Hunter detailed the intense moment in his forthcoming memoir, Beautiful Things, which will be released next week.
In his book, he describes his love of crack cocaine. Hunter would walk the streets of Washington D.C. to try and score his drugs. Hunter wrote, "I've bought crack cocaine on the streets of Washington, D.C., and cooked up my own inside a hotel bungalow in Los Angeles.”
Things got so bad, at one point, Hunter was living out of a $59 per night Super 8 motel room. While in D.C., he befriended a homeless man who also enjoyed drugs.
Hunter said he was in such a fog from the crack that he offered the homeless crack addict a room in his apartment. He said, “The relationship was symbiotic. It was two crack addicts who couldn't find their way out of a paper bag. A one-act crack farce.”
Things got so bad that his father, who was serving as vice president to then-president Barack Obama, had to confront him at his home.
Joe told his son, "I know you're not fine, Hunter. You need help."
Hunter said Joe never left his side despite his problems. He wrote, “He never let me forget that all was not lost. He never abandoned me, never shunned me, never judged me, no matter how bad things got - and believe me, from there they would get much, much worse.”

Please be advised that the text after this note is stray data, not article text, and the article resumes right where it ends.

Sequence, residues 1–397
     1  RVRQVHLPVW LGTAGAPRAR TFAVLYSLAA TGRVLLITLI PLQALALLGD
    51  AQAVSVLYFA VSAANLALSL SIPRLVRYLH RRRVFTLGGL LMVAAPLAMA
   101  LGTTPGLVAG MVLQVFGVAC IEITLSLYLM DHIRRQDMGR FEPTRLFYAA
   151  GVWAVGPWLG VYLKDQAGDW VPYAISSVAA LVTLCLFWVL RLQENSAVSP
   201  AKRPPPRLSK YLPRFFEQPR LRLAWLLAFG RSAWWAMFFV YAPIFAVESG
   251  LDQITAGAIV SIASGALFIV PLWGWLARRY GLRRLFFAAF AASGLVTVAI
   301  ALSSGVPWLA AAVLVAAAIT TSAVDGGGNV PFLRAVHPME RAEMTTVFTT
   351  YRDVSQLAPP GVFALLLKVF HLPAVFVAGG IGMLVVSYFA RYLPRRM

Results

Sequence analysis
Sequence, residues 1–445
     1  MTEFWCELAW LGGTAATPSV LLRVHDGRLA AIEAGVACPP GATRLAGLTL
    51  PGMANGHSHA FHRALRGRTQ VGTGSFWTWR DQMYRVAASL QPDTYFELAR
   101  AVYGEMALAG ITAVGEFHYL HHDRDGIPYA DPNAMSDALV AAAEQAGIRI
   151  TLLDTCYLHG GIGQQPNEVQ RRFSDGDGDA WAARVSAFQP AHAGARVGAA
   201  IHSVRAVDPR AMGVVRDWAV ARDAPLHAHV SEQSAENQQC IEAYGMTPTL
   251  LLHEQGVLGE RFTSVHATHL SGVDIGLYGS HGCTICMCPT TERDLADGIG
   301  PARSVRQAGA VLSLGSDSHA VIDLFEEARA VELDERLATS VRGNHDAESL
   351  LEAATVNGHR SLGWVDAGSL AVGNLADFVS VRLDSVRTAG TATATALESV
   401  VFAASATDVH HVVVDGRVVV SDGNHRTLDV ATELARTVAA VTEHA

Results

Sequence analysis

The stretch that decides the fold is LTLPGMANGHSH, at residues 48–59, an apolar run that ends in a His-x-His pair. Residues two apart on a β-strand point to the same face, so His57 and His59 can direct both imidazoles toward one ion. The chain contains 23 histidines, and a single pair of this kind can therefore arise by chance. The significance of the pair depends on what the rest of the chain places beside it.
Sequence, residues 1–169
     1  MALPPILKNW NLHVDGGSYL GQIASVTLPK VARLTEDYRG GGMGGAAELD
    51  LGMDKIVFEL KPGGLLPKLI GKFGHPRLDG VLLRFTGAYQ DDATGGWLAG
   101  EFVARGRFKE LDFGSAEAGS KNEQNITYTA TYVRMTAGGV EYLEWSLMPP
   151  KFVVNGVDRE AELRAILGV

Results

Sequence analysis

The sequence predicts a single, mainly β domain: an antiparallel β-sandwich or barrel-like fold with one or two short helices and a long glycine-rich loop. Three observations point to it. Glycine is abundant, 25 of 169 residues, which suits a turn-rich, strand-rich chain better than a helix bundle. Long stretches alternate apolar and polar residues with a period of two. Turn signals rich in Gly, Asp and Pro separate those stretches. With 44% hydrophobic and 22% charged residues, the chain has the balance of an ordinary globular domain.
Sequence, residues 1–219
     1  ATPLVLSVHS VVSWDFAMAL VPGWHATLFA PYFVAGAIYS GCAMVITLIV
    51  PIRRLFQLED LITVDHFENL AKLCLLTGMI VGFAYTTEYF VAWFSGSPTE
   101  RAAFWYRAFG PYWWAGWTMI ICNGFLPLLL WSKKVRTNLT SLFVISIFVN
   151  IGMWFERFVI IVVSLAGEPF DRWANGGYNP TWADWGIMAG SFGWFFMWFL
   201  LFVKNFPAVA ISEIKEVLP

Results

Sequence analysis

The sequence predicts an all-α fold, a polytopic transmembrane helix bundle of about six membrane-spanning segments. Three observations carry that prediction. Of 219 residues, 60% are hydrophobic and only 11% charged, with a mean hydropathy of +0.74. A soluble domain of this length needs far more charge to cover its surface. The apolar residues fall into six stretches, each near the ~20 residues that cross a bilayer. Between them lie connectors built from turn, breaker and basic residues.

Aside from his drug revelations, Hunter didn’t hold back and also opened up about his controversial service on the board of a Ukrainian gas company. Donald Trump and Republicans tried to use his role with the company against his father during the U.S. Presidential election.
Hunter denied he did anything unethical. He wrote, “I did nothing unethical, and have never been charged with wrongdoing. In our current political environment, I don't believe it would make any difference if I took that seat or not. I'd be attacked anyway.”
He ended, “What I do believe, in this current climate, is that it wouldn't matter what I did or didn't do. The attacks weren't intended for me. They were meant to wound my dad.”